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Palliative care, legal euthanasia can be mutually beneficial

Armine Hareyan's picture

Supporters of legalising euthanasia and those who wish to develop better palliative care services can help each other, according to a study published today on

The traditional view that palliative care and euthanasia are two alternative and antagonistic causes is not necessarily the case, say researchers.

Jan Berheim and colleagues from the End-of-Life Care Research Group of the Vrije Universiteit Brussel, reviewed historical, regulatory and epidemiological evidence from Belgium, which was the second country to legalise euthanasia in 2002, and has some of the best developed provisions for palliative care, third only to Iceland and the UK.

The authors show that the movement for the legalisation of euthanasia promoted the development of palliative care and the existence of adequate palliative care made the legalisation of euthanasia ethically and politically acceptable.

According to the authors one of the reasons for the overall lack of acrimony in the Belgian debate was that the two movements developed side by side with shared workers. As the societal debate about euthanasia grew, so did the provisions for palliative care.

They found no evidence that legalising euthanasia resulted in harm to vulnerable patients or disabled people, or that it impeded the development of palliative care in Belgium—concerns voiced by The European Association for Palliative Care. In fact, ethically disputable practices, such as clandestine physician-assisted dying, actually decreased in the run up to the euthanasia law being enacted.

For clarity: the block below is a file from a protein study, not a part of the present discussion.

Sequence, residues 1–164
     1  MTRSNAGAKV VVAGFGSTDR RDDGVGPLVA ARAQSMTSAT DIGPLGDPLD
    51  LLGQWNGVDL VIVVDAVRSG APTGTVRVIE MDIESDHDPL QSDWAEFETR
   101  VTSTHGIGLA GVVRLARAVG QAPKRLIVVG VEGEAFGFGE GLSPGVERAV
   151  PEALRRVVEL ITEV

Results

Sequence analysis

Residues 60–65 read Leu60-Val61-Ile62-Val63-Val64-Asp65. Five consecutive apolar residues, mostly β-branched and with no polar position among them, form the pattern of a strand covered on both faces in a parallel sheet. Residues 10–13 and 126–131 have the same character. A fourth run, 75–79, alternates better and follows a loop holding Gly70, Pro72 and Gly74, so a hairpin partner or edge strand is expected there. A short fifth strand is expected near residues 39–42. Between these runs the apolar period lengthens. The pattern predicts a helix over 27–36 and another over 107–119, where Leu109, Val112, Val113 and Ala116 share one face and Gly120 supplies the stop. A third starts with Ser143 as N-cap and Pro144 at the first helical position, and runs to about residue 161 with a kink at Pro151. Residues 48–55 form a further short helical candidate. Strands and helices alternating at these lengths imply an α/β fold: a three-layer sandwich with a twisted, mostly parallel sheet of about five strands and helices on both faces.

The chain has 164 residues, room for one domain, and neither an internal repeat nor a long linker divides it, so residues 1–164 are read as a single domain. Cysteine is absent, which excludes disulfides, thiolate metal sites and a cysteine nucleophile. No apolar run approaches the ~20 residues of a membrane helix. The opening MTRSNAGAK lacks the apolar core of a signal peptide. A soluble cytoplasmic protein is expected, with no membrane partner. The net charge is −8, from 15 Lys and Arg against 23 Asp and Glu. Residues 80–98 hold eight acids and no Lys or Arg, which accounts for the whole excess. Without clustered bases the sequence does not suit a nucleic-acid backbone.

People advocating euthanasia law in Belgium supported palliative care and did not present euthanasia as an alternative but as a possible complement, an option at the end of the palliative care pathway, with the patient’s preferences coming first.

The euthanasia law passed in Belgium stated that patients asking for euthanasia had to be informed of the possibilities of palliative care and it was passed at the same time as another Act which ensured people’s right to palliative care in every hospital, nursing home and at home, while doubling its public funding.

The process of legalisation of euthanasia was ethically, professionally, politically and financially linked to the development of palliative care, says the study.

The authors conclude: “The societal debates made clear that most values of palliative care workers and advocates of euthanasia are shared. If Belgium’s experience applies elsewhere, advocates of the legalisation of euthanasia have every reason to promote palliative care, and activists for palliative care need not oppose the legalisation of euthanasia.”-BMJ-British Medical Journal


Submitted by Lesley Martin (not verified) on
Dignity New Zealand Trust is committed to providing New Zealanders with the best possible environment for end-of-life decisions and sees that clearly as a combination of palliative care plus an option of legalised voluntary euthanasia.Dignity Havens will provide a parallel alternative to Hospice NZ services which provide palliative care only and are opposed to Voluntary Euthanasia legislation. By creating a safe, legitimate and supportive environment in which to not only receive palliative care but also to consider, and if so chosen, receive legalised Voluntary Euthanasia, New Zealanders will have REAL choices in end-of-life decisions: ensuring that those who wish to explore VE as an option can do so openly while retaining the status quo for those opposed.For more information please contact

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